In this regard, we should note the constant refrain of the word “Lord” in this passage, for it seems intent on reminding its community of the God to whom their allegiance was due. As the Church, we need a similar reminder that we do not just worship a generic god, we worship a specific God with whom we have a specific history. Our God has done great things for us. From this passage we also learn that, as the faithful, we are God’s own “special possession.” (v. 17) Further, we are God’s children, granted special favor because of our relationship to God. To remember who God is and what God has done for us, is a message that resonates from this text to our communities, which far too often forget to whom our allegiance and then our praise is due.
One of the biblical themes that made the strongest impression on me as a kid is derived, in part, from this passage. This scripture discusses the fact that God keeps a “book of remembrance” in which is recorded those who heed the name of YHWH. These faithful followers are not just loosely kept in mind, they are inscribed in this book that records their fidelity to our God. This was a powerful notion for me as a kid, because it reminded me that everything I did was recorded. This concept helped me to remember that what I did (good or bad) would not be forgotten.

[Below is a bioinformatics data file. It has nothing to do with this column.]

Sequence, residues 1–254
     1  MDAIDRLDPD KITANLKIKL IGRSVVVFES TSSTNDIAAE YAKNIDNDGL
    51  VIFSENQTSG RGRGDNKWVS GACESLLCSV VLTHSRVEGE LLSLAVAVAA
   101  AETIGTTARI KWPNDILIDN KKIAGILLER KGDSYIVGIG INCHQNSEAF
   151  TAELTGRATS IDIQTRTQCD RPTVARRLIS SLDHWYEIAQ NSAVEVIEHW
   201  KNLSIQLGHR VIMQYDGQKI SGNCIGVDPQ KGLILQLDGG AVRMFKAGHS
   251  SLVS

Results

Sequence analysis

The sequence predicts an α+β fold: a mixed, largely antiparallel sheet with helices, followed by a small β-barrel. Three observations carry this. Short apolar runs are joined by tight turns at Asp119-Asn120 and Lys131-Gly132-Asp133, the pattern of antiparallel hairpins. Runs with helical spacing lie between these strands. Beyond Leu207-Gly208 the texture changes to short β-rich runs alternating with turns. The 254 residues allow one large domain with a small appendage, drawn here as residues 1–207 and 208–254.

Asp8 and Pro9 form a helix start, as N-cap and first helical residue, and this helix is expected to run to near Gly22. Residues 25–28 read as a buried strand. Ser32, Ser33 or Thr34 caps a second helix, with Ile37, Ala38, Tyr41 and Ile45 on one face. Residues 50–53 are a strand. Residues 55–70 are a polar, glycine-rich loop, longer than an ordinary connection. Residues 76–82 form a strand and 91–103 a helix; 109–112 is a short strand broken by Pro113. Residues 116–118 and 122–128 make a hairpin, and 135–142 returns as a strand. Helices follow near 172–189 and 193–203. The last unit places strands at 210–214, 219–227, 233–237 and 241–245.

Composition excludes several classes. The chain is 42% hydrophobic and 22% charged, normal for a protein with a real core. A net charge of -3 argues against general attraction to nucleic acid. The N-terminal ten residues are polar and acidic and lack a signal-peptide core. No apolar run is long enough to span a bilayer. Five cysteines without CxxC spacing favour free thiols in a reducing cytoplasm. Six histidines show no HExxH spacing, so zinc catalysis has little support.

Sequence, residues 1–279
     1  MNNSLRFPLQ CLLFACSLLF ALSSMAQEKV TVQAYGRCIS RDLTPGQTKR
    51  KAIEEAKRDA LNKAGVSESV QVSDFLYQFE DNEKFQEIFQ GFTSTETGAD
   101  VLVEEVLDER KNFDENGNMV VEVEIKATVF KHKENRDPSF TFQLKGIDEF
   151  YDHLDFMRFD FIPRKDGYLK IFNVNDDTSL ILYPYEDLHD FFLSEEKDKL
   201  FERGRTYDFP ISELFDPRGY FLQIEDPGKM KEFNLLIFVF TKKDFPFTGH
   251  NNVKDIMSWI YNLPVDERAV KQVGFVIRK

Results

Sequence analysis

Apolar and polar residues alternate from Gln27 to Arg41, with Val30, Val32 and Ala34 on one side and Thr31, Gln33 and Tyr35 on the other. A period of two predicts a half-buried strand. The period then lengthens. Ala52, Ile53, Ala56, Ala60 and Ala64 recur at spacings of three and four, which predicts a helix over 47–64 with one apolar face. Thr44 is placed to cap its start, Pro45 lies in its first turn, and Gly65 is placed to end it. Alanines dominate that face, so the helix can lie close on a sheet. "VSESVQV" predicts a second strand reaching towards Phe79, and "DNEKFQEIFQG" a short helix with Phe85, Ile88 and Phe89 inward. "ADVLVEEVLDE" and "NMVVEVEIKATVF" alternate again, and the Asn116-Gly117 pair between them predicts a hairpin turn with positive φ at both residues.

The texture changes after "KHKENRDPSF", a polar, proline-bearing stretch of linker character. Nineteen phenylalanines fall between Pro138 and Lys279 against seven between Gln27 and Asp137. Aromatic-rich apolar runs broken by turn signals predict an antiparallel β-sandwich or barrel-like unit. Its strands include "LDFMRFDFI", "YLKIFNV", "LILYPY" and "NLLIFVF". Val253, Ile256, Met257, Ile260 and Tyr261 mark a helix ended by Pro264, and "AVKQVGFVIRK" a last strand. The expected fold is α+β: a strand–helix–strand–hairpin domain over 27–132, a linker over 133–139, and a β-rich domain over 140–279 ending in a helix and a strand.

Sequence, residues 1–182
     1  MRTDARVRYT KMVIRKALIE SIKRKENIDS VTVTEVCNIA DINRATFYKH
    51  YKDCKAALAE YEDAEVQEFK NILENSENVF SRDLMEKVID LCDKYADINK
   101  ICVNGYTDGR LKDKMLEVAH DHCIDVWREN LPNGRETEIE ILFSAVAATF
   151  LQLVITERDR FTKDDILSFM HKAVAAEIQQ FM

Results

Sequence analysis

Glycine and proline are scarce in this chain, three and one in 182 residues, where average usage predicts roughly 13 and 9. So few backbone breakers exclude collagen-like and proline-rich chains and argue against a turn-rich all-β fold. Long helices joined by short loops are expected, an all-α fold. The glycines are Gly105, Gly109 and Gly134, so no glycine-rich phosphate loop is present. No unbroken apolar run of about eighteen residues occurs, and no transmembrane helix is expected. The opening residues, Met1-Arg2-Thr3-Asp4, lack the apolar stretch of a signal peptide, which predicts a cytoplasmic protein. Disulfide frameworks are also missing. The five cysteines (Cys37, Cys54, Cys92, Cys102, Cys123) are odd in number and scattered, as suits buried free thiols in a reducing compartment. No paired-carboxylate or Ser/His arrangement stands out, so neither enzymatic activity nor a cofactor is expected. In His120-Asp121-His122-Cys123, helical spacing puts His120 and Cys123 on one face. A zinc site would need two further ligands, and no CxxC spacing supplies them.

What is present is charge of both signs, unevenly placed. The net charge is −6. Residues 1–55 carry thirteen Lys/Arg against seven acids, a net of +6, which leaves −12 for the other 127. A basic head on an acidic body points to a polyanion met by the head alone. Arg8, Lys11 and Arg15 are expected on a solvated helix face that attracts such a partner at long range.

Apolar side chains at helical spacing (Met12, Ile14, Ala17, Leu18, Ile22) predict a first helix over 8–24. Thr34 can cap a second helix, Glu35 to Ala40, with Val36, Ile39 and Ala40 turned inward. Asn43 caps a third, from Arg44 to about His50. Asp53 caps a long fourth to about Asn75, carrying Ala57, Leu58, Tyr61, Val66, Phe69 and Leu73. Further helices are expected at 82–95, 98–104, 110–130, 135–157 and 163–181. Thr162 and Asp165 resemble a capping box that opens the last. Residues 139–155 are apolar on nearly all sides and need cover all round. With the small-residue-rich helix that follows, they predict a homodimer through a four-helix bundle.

Reflection on this motif does much good for the church for it reminds us that we do not act void of consequence…our God is watching. The book of remembrance reminds us that all that we do is seen by a God who remembers. It holds us accountable, for our actions are not unseen, and what we do matters more than we may think. How we treat those we think no one cares for, what we do for or to others, the way we express the love God calls us to express for our brothers and sisters, will be remembered by our Lord. Just as this motif made me, as a child, aware of the consequences of my actions, the “book of remembrance” can keep us mindful of the fact that what we do matters to our God.